RPM, Volume 12, Number 19, May 9 to May 15 2010

The Bondage of the Will

By Martin Luther


Section XVIII.

Sect. XVIII. — HERE you produce similitudes (in which you aim at appearing to abound, and to use very appropriately); that is, — ‘that there are diseases, which may be borne with less evil than they can be cured: as the leprosy, &c.' You add, moreover, the example of Paul, who makes a distinction between those things that are lawful, and those that are not expedient. "It is lawful (you say) to speak the truth; but, before every one, at all times, and in every way, it is not expedient." —

How copious an orator! And yet you understand nothing of what you are saying. In a word, you treat this discussion, as though it were some matter between you and me only, about the recovering of some money that was at stake, or some other trivial thing, the loss of which, as being of much less consideration than the general peace of the community, ought not so to concern any one, but that he may yield, act and suffer upon the occasion, in any way that may prevent the necessity of the whole world being thrown into a tumult. Wherein, you plainly evince, that this peace and tranquillity of the flesh, are, with you, a matter of far greater consideration than faith, than conscience, than salvation, than the Word of God, than the glory of Christ, than God Himself! Wherefore, let me tell you this; and I entreat you to let it sink deep into your mind — I am, in this discussion, seeking an object solemn and essential; nay, such, and so great, that it ought to be maintained and defended through death itself; and that, although the whole world should not only be thrown into tumult and set in arms thereby, but even if it should be hurled into chaos and reduced to nothing. — If you cannot receive this, or if you are not affected by it, do you mind your own business, and allow us to receive it and to be affected by it, to whom it is given of God.

For, by the grace of God, I am not so great a fool or madman, as to have desired to sustain and defend this cause so long, with so much fortitude and so much firmness, (which you call obstinacy) in the face of so many dangers of my life, so much hatred, so many traps laid for me; in a word, in the face of the fury of men and devils — I have not done this for money, for that I neither have nor desire; nor for vain-glory, for that, if I wished, I could not obtain in a world so enraged against me, nor for the life for my body, for that cannot be made sure of for an hour. — Do you think, then, that you only have a heart that is moved by these tumults? Yet, I am not made of stone, nor was I born from the Marpesian rocks. But since it cannot be otherwise, I choose rather to be battered in temporal tumult, happy in the grace of God, for God's word's sake, which is to be maintained with a mind incorrupt and invincible, than to be ground to powder in eternal tumult, under the wrath of God and torments intolerable! May Christ grant, what I desire and hope, that your heart may not be such — but certainly your words imply, that, with Epicurus, you consider the Word of God and a future life, to be mere fables. For, in your instructions, you would have us, for the sake of the Popes, the heads, and the peace of the community, to put off, upon an occasion, and depart from the all-certain word of God: whereas, if we put off that, we put off God, faith, salvation and all Christianity together. How far different from this is the instruction of Christ: that, we should rather despise the whole world!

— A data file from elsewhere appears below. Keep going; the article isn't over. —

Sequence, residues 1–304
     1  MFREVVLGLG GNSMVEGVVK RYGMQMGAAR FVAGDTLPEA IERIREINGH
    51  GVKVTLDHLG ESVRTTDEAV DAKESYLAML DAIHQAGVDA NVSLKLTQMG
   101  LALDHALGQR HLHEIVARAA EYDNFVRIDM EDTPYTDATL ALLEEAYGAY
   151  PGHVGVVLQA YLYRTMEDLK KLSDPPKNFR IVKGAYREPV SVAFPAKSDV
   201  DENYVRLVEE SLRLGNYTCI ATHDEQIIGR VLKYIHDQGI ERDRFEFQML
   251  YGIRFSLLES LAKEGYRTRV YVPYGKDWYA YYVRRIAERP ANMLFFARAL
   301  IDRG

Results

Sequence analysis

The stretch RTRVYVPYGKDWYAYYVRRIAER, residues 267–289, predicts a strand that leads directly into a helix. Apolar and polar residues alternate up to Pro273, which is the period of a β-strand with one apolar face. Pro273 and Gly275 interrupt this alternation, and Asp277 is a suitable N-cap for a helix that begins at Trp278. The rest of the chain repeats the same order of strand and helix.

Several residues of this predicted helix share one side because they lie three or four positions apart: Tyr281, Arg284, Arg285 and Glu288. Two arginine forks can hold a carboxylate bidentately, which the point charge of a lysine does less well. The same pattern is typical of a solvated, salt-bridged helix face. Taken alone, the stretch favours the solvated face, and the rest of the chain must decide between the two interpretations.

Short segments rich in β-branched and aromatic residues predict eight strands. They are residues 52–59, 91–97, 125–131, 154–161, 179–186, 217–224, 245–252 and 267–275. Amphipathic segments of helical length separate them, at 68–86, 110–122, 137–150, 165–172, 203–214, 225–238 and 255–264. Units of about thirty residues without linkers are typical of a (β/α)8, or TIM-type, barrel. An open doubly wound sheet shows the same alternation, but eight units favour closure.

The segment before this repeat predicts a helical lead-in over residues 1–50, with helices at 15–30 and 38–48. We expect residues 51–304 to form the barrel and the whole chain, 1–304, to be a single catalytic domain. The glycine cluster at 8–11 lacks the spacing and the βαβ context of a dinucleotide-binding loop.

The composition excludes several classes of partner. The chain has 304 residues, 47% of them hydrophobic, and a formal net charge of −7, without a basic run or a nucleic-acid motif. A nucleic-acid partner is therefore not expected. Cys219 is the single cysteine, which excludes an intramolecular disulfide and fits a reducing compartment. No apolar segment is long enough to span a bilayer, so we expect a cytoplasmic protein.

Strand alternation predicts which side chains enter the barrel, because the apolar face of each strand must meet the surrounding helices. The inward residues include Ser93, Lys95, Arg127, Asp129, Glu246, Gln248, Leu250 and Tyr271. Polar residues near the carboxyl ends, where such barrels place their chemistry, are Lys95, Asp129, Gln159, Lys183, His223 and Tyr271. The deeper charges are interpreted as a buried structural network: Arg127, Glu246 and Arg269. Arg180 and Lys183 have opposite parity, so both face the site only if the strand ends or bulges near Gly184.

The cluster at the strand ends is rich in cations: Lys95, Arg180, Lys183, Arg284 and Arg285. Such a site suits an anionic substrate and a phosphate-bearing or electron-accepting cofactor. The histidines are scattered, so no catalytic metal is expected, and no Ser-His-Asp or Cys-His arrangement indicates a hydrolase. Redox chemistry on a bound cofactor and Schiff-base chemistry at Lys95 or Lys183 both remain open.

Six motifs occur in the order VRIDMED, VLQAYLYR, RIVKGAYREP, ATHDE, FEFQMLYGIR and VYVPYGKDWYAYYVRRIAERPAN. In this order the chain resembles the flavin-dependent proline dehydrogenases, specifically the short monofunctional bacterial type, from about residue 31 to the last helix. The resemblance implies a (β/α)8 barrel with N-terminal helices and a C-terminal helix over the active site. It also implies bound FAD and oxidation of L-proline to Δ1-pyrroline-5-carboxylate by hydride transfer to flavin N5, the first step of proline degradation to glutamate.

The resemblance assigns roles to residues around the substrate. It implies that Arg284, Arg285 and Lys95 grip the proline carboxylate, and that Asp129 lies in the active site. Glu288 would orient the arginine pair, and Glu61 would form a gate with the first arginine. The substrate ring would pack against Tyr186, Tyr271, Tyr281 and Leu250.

This article is provided as a ministry of Third Millennium Ministries (Thirdmill). If you have a question about this article, please email our Theological Editor.

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